The OPs clarification:
Assume there is a person that might want to hurt their educator for failing them by spreading lies or accusing them of something they didn't do (harassment during 1-1 meetings). How can that educator protect themselves (best practices, measures, etc.)?
changes the question somewhat. It's not about the one student in X (whatever X is) who is willing to risk mutual destruction to satisfy a grievance. In this case, I agree with StrongBad regarding general precautions. I would also be selective in which students to accept. There is nothing bad about it if done on an individual basis (instead of based on the sex of the person). After all, you need to work with the student and if the interaction does not work out, it's unlikely you'll both get something good out of it.
But your clarification sounds like there is a student out to get you. In that case, it might be helpful to talk with trusted colleagues who also know the student (about your difficulties with the student). It might even be time for legal support — someone who knows academia and knows how to deal with these cases. Also, "always be recording" might be helpful here (again: talk to a lawyer first).
In general I have found that conflicts with students (e.g. about grades) can be mediated if done correctly (needs a neutral and skilled mediator). However, this might not work for all students.
One issue I haven't found in the answers so far is a worst-case scenario plan for the unlikely but possible case of a false accusation happening. I find that with rare but devastating events, having a plan on how to deal with such a situation might help. You are unlikely to think clearly if that event occurs.
A website I have seen long ago (page no longer exists) listed a few tips in case of a wrongful accusation (albeit directed at students). Among others:
- not to talk with others about it (save close family or attorney; never ever talk about it on social media; you never know how it might be used against you),
- keeping your cool (influences perception)
- seeking independent counsel (the university might decide to protect its reputation)
- not use the university eMail/phone system (again: the university might not be neutral)
- be wary of pretext calls (friend calling you and trying to get you to admit guilt; just decline to answer any questions and hang up)
- be wary of physical danger (person who accuses you might instigate violence)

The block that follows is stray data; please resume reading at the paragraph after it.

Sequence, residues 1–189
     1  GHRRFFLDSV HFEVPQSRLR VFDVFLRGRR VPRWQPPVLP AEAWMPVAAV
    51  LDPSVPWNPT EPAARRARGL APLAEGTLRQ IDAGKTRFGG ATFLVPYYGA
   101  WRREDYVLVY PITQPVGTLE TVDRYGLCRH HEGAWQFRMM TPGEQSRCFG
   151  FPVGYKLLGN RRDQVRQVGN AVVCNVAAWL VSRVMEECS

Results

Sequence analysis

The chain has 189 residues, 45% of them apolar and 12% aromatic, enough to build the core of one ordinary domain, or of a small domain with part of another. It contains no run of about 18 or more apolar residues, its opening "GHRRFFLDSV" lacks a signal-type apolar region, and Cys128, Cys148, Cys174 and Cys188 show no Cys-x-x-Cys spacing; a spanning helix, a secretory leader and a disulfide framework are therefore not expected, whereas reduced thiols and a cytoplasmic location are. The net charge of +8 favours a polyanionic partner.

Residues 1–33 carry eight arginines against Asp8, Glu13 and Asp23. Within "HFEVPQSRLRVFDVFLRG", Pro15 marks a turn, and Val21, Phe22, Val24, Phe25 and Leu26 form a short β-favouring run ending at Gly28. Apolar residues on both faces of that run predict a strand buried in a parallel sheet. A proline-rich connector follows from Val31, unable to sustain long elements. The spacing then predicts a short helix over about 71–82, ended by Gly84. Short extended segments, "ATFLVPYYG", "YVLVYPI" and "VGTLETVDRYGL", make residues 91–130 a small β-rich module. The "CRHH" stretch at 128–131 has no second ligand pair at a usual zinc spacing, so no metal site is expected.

- never talk to the police if accused (let the attorney deal with it)
- getting to know the procedures on how the university deals with it (esp. to know your rights)
- recording anything that you are legally allowed to record (state laws! consult attorney)
- document-document-document — and keep everything organized
- adhere religiously to no-contact orders (even if the students wants you to call back or wants to meet)
- and the like.
Hopefully you never need it, but a worst-case plan might be helpful.
Talking about helpful, a comment about the question and some of the reactions here:
I think a false accusation is one of the worst things that can happen to a person. It can destroy a person's life, can socially isolate them, can drive them to suicide, and can undermine the basic trust in the legal system.
And yep, sexual misconduct/harassment/assault happens. A few people — male and female — are criminal assholes, no question about it, esp. in positions of power. But there also are a few people — male and female — who will use any method to get at someone. There is a phase in conflicts where even devastating personal losses are accepted just to get at the other person. It's not rational but deeply human. And in some cases, this can involve wrongful accusations.
Which sucks, given that most people in academia just want to do a good job — do good research and teach good courses — and these things make life unnecessarily difficult.
With this in mind, I wonder how some answers would read if you gender swap it (useful test to see biases). If the question had been about a female professor being afraid of possible physical violence from male students. After all, a wrongful accusation is essentially assaulting a person via a proxy, and over a longer time period. Here the proxy is the legal system, and sometimes also the court of public opinion (which sometimes comes with actual violence, not to mention violence in prisons).
In this swapped case, essentially saying: it's rare, bad things do not happen to good people, don't invite it, just be professional, and what's really important are cases of Y ... just does not cut it. It would probably be called "victim blaming" and "derailment". Yes, being professional is good advice, but it doesn't work if the student is not. Humans aren't always professional, or even rational.
So, with the question asked here I think it's best to ... well, assume the best: the OP just wants to do a good job and cases of false accusations just scare the shit out of many people. No matter how rare they are. And as useful as statistics are (which would have to be about false accusations), a person has only one life and the consequences are devastating. Even if the probability is low, if the consequences are serious enough it pays to prepare for such an event. That's why we have insurances.
So, kudos to the OP for asking the question and dealing with the reactions.